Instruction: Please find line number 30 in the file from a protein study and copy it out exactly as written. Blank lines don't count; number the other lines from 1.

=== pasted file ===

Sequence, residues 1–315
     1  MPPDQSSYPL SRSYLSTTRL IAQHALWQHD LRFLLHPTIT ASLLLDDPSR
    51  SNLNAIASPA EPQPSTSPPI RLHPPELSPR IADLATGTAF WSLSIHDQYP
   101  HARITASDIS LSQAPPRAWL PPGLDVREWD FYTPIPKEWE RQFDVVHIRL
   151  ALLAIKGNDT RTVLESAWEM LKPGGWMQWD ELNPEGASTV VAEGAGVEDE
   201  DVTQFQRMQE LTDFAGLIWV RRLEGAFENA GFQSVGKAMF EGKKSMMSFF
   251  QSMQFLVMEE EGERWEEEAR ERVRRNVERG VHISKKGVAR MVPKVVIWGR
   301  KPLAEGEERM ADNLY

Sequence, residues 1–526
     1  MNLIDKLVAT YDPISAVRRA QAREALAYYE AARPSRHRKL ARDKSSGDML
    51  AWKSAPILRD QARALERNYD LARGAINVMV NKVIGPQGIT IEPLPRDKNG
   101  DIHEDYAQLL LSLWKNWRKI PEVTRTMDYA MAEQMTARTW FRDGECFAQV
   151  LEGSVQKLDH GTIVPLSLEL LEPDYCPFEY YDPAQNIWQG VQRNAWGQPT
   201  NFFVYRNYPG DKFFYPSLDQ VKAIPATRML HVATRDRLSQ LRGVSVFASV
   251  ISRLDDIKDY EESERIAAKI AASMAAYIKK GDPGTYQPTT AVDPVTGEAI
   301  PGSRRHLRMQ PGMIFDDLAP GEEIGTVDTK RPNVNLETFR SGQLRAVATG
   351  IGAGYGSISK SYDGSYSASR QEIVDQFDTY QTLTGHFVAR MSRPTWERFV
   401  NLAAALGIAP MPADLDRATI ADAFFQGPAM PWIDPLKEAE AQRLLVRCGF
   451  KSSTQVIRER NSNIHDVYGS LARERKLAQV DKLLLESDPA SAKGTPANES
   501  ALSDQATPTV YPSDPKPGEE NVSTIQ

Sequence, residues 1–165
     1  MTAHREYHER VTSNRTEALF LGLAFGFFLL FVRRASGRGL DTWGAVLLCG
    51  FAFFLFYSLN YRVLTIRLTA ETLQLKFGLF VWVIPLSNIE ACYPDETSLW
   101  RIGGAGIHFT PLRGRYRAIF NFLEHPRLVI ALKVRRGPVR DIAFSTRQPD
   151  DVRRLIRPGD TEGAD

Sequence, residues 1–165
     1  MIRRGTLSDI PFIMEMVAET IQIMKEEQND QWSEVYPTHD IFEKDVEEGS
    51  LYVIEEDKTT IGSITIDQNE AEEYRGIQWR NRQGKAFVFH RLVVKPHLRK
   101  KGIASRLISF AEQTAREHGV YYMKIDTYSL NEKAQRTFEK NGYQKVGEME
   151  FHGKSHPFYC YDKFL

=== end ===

   151  FHGKSHPFYC YDKFL